Scheduling with Tungle is a great new service that’s making some big waves.  It is a scheduling application that integrates with your calendar (I’m using it very successfully with Google calendar).  It allows you to invite a group of people to schedule a mutually agreeable time for a meeting or appointment (while automatically handling timezones), so no more emails back and forth about “When are you available? I’m available…”.  It also allows you to mark times that you are ‘generally available’ and people can just visit your Tungle page and schedule a meeting with you (which can be a little weird, but kinda cool).  My page is: .

They’ve started a contest, and I love me a free t-shirt, so here’s my answers:

  1. What made you decide to start Tungling? My friend Chris had the link in his e-mail signature and I was hooked.
  2. What’s one thing we do better than any other productivity app out there?  I’d like to see a ‘buffer’ option to avoid getting things scheduled too close together.  An Android app would be awesome.  And more options/transparency for choosing a time when you have a lot of people invited.
  3. What’s one thing we could do to create a better experience for you? Keep up with lots of new features.  The invite “wizard” gets in my way too much.
  4. Do you refer to others?  If yes, why? Yes, the link is going in my sig soon.
  5. What would you Google to find an app like  Easy meeting scheduler

Finally, their support is awesome.  I got a custom email from the founders after signing up and very quick responses to my questions.  I hope they keep the personalized service going!

Presenting gem_cloner

Besides being a Ruby/Rails/Merb developer, I’m also a part-time sysadmin for a number of previous clients.  Usually I’m responsible for maintaining Rails stacks, either for apps that I’ve written or just for another developer that doesn’t have as much Linux experience.

Lately, I’ve had to do a move of a number of Rails installations to completely new/clean servers.  I’ve got lots of scripts for doing initial setups of the stack as they need to be.  But one thing that comes up is that, especially with older apps, the gem dependencies can be very finicky.  Installing the latest versions will almost certainly break something.  Plus some times the system can have quite an extensive list.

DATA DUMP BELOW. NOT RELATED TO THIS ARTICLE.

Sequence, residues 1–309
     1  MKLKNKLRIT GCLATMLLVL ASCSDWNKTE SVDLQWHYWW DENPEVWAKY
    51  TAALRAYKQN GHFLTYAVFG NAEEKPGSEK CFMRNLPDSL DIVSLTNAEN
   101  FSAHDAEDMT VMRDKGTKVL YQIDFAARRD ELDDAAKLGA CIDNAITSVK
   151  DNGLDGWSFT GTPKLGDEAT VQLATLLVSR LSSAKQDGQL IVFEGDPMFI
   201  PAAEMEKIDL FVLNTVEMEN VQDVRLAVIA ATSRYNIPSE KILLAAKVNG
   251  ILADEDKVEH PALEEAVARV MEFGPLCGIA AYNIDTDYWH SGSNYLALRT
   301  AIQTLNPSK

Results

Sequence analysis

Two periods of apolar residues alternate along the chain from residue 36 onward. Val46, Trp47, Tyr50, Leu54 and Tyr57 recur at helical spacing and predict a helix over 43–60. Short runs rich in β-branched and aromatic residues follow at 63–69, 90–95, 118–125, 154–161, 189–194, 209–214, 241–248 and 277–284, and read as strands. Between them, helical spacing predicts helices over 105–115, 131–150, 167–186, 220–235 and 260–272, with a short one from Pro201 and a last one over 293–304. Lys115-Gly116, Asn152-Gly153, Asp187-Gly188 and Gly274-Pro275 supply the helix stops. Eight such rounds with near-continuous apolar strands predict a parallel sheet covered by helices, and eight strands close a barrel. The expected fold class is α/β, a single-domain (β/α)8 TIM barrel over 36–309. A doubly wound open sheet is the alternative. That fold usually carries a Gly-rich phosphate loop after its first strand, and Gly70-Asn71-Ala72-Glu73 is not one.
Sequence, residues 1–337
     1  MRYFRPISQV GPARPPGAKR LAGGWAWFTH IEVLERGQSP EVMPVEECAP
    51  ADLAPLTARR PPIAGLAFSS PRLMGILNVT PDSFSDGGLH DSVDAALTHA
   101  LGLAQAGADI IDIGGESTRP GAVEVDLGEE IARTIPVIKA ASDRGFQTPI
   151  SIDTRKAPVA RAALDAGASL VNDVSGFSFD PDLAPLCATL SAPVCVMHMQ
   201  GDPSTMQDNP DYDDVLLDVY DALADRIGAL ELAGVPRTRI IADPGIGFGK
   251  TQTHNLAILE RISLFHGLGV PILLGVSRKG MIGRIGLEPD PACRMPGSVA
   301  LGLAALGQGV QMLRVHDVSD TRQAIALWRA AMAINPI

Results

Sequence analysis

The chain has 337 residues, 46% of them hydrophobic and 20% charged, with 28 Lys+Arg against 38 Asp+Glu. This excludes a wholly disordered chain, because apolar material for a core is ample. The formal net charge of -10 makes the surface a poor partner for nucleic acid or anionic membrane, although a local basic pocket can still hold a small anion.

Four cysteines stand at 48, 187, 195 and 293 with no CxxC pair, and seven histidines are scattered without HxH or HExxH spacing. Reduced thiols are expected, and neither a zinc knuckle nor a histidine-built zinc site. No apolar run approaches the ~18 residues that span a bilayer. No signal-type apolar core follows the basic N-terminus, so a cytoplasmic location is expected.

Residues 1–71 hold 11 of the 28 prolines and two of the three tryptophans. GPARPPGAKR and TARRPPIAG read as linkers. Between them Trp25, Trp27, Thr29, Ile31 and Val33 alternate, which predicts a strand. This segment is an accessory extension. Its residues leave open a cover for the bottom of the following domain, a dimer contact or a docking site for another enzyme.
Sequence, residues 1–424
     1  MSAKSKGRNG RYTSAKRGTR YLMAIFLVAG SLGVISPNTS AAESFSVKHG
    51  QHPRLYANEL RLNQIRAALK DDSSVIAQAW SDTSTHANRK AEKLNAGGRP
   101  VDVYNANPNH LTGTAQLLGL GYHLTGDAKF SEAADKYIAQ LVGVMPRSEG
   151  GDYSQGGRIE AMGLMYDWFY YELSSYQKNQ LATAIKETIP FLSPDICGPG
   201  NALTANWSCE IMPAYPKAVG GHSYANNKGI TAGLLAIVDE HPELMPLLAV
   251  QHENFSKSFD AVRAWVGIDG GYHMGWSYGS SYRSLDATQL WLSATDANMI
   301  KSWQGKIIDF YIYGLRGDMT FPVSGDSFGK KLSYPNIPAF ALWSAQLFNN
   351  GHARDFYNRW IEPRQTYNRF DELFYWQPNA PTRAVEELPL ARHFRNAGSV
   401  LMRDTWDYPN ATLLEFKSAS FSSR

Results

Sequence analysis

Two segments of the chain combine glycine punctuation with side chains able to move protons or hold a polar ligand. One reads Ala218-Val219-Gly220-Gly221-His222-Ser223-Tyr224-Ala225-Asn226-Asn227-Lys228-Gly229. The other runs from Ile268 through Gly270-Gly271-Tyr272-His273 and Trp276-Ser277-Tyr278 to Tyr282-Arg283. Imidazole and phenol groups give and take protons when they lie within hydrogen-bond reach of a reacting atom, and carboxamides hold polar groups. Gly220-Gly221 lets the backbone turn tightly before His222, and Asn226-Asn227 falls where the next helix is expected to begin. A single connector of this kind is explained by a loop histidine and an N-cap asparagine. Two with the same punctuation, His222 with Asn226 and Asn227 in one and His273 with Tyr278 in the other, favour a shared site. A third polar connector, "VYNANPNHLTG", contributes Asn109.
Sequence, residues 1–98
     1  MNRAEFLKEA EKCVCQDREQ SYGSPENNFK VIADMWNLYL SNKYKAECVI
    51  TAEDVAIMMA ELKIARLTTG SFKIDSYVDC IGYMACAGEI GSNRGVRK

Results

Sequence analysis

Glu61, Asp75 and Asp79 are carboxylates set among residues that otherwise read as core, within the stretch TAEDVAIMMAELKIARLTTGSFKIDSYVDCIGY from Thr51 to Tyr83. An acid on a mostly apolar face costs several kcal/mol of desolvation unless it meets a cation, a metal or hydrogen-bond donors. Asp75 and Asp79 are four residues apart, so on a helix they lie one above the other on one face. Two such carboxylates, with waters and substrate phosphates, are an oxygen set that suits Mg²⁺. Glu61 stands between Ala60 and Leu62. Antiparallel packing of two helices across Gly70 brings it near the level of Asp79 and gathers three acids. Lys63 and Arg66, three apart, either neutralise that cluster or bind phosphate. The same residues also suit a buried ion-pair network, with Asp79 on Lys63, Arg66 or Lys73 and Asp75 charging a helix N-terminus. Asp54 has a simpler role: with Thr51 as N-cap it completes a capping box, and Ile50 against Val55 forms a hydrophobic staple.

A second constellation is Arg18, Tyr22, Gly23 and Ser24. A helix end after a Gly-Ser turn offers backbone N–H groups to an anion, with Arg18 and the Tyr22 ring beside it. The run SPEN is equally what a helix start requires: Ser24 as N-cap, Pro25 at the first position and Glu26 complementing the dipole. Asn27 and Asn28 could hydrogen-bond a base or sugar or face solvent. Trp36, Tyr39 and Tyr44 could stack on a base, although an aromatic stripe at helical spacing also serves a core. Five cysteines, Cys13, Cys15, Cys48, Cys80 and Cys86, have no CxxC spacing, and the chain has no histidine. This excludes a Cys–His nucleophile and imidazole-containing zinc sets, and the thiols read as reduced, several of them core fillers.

Yes, I know that the gems should be packaged with the app, but there are a lot of reasons that it doesn’t always happen or doesn’t always work.  To that end, I’ve found the most effective method is just to re-install the exact same set of gems on the new box as the old one.  To automate this process, I present: gem_cloner.

gem_cloner is a very tiny but useful script that will take the text output of `gem list`from one machine and execute the `gem install` command on the new machine.  Usage is very simple:

  1. On the old machine, run `gem list > gems.txt`
  2. Copy gems.txt to the new machine.
  3. Copy the gem_cloner.rb file to the same place
  4. With sudo or as root, run `ruby gem_cloner.rb`

The script will read that file and install the exact same gem versions.  You’ll definitely want to browse and tweak the script.  Possibly by adding ‘sudo‘ in the command call or adding ‘–no-rdoc –no-ri‘ (I personally use a gemrc to eliminate the doc files on production systems).

Fork, patch, & praise ad nauseum on github and drop me a line if you like it.

Help me out, Pragmatic!

I’m an avid Pragmatic Bookshelf reader.  I probably own 30%-40% of their book titles.  The writing is always great, editing is even better, and they’re often the first to print on some great up-and-coming topics.

I saw recently that they are offering ‘Friday-series’ PDF books for $9 and I found one on using memcached that I decided to buy.  I’m pretty good with memcached and use it quite regularly, but there are always new things to learn and I figured this would make a great reference if nothing else.  I also thought it would make for great reading on the plane trip during my upcoming trip to RailsConf (call me old-fashioned, but I’d rather carry the physical version rather than read it off my laptop, especially while traveling).

I purchased the PDF, downloaded it, and when I went to print it I found that the background of every page is tan!  I bought it with the specific purpose of printing, but that’s a waste of a LOT of ink to print a solid background on every page.  I went through a very lengthy process to try and fix this so I could have a nice hard-copy:

  1. Adobe Professional has a great accessibility tool that will re-color the background.  It worked perfectly to remove the background and leave the rest of the document intact.  Unfortunately, despite what the print-preview shows, the pages still print with the tan background.